قطع رأس القديس يوحنا، by Caravaggio. Oil on canvas, 361 cم × 520 cم (11.84 قدم × 17.06 قدم). Oratory of the Co-Cathedral.

The knights, led by Frenchman Jean Parisot de Valette, Grand Master of the Order, withstood the حصار مالطا الكبير by the Ottomans in 1565.[94] The knights, with the help of Spanish and Maltese forces, were victorious and repelled the attack. Speaking of the battle Voltaire said, "Nothing is better known than the siege of Malta."[106][107] After the siege they decided to increase Malta's fortifications, particularly in the inner-harbour area, where the new city of Valletta, named in honour of Valette, was built. They also established watchtowers along the coasts – the Wignacourt, Lascaris and De Redin towers – named after the Grand Masters who ordered the work. The Knights' presence on the island saw the completion of many architectural and cultural projects, including the embellishment of Città Vittoriosa (modern Birgu), the construction of new cities including Città Rohan (modern Ħaż-Żebbuġ) . Ħaż-Żebbuġ is one of the oldest cities of Malta, it also has one of the largest squares of Malta.

الفترة الفرنسية والفتح البريطاني

The Knights' reign ended when Napoleon captured Malta on his way to Egypt during the French Revolutionary Wars in 1798. Over the years preceding Napoleon's capture of the islands, the power of the Knights had declined and the Order had become unpopular. Napoleon's fleet arrived in 1798, en route to his expedition of Egypt. As a ruse towards the Knights, Napoleon asked for a safe harbour to resupply his ships, and then turned his guns against his hosts once safely inside Valletta. Grand Master Hompesch capitulated, and Napoleon entered Malta.[108]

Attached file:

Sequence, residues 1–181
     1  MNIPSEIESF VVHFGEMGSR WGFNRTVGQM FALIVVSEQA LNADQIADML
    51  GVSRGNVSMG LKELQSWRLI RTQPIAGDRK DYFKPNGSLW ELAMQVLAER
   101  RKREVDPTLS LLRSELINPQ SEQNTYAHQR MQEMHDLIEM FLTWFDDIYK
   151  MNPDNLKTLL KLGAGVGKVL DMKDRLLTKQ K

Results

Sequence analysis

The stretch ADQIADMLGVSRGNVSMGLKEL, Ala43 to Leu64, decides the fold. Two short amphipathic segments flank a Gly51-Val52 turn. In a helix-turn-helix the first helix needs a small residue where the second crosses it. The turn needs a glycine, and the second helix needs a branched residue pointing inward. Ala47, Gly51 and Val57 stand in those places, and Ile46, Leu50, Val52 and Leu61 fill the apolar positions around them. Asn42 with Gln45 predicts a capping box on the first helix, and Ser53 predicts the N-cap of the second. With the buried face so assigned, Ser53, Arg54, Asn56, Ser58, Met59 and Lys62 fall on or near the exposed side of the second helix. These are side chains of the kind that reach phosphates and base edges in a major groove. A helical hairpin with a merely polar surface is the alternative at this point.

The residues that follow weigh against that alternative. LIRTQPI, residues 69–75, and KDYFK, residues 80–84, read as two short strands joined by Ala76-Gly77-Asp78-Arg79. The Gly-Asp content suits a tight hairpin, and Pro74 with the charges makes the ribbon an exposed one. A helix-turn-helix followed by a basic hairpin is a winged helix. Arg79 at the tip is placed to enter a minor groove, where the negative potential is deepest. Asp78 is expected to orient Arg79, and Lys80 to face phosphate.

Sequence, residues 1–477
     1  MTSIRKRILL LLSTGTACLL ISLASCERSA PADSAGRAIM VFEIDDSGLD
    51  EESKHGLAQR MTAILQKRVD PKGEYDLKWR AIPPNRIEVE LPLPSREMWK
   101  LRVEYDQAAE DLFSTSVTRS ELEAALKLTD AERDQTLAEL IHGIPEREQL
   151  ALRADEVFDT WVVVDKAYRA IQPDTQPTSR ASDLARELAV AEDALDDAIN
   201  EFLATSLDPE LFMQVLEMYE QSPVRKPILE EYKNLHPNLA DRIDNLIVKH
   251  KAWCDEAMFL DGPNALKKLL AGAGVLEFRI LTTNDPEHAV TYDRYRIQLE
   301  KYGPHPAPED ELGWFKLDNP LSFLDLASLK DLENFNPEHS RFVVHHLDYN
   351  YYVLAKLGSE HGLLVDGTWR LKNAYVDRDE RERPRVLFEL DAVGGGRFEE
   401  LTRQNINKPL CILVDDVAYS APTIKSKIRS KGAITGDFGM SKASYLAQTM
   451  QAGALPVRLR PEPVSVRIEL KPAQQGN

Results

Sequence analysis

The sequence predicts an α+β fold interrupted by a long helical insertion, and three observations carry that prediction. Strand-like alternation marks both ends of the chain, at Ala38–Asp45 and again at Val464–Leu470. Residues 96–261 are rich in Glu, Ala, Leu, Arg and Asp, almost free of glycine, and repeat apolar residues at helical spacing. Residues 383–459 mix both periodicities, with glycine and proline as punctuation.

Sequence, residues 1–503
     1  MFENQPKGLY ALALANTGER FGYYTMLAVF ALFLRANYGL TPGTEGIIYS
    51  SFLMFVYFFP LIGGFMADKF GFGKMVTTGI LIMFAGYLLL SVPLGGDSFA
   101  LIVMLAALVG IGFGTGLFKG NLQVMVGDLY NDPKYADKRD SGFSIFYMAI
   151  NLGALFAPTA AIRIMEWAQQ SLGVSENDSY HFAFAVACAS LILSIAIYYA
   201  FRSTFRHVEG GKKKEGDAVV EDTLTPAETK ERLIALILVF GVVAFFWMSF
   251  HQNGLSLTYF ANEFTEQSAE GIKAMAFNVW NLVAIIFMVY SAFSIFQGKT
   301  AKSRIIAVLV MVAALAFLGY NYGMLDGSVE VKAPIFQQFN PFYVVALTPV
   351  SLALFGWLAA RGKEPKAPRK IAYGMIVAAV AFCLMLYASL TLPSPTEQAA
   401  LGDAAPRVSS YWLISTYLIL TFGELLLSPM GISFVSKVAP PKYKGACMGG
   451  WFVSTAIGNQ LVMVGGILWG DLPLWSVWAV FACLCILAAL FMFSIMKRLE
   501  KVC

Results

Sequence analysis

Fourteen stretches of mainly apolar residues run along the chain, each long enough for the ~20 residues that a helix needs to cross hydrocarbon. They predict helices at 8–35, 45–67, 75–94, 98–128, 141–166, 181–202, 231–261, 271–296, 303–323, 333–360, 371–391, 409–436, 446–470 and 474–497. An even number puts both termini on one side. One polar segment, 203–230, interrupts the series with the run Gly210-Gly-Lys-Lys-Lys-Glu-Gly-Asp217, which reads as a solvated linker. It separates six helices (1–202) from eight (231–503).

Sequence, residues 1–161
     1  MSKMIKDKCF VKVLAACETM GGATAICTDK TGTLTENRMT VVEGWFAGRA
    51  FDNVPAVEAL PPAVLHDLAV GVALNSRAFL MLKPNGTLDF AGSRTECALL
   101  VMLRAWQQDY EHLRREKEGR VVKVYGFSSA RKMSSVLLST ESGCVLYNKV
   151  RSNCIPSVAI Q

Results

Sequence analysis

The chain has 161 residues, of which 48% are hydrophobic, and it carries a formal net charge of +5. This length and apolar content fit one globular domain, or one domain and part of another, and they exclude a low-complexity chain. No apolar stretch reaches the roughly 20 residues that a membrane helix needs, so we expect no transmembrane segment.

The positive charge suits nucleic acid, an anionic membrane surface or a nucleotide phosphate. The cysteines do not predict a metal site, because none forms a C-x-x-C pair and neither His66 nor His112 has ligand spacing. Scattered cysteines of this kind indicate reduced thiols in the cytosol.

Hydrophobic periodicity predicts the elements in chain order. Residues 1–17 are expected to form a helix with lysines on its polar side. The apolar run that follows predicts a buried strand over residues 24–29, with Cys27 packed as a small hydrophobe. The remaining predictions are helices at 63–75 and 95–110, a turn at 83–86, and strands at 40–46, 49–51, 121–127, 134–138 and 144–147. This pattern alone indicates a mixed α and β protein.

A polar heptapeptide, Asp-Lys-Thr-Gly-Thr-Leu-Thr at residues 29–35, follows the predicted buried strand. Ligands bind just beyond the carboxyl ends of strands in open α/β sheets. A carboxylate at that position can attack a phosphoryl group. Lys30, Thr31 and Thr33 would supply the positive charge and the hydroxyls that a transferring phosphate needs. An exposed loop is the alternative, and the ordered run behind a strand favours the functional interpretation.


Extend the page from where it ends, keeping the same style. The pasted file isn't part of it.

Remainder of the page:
Bust of Bonaparte at Palazzo Parisio in Valletta

During 12–18 June 1798, Napoleon resided at the Palazzo Parisio in Valletta.[109][110][111] He reformed national administration with the creation of a Government Commission, twelve municipalities, a public finance administration, the abolition of all feudal rights and privileges, the abolition of slavery and the granting of freedom to all Turkish and Jewish slaves.[112][113] On the judicial level, a family code was framed and twelve judges were nominated. Public education was organised along principles laid down by Bonaparte himself, providing for primary and secondary education.[113][114] He then sailed for Egypt leaving a substantial garrison in Malta.[115]

The French forces left behind became unpopular with the Maltese, due particularly to the French forces' hostility towards Catholicism and pillaging of local churches to fund Napoleon's war efforts. French financial and religious policies so angered the Maltese that they rebelled, forcing the French to depart. Great Britain, along with the Kingdom of Naples and the Kingdom of Sicily, sent ammunition and aid to the Maltese and Britain also sent her navy, which blockaded the islands.[113]

On 28 October 1798, Captain Sir Alexander Ball successfully completed negotiations with the French garrison on Gozo, the 217 French soldiers there agreeing to surrender without a fight and transferring the island to the British. The British transferred the island to the locals that day, and it was administered by Archpriest Saverio Cassar on behalf of Ferdinand III of Sicily. Gozo remained independent until Cassar was removed from power by the British in 1801.[116]

General Claude-Henri Belgrand de Vaubois surrendered his French forces in 1800.[113] Maltese leaders presented the main island to Sir Alexander Ball, asking that the island become a British Dominion. The Maltese people created a Declaration of Rights in which they agreed to come "under the protection and sovereignty of the King of the free people, His Majesty the King of the United Kingdom of Great Britain and Ireland". The Declaration also stated that "his Majesty has no right to cede these Islands to any power...if he chooses to withdraw his protection, and abandon his sovereignty, the right of electing another sovereign, or of the governing of these Islands, belongs to us, the inhabitants and aborigines alone, and without control."[113][44]

الامبراطورية البريطانية والحرب العالمية الثانية

Plaque of the Rights of man during the British Protectorate (1802) at Palazzo Parisio
The heavily bomb-damaged Kingsway (now Republic Street) in Valletta during the Siege of Malta, 1942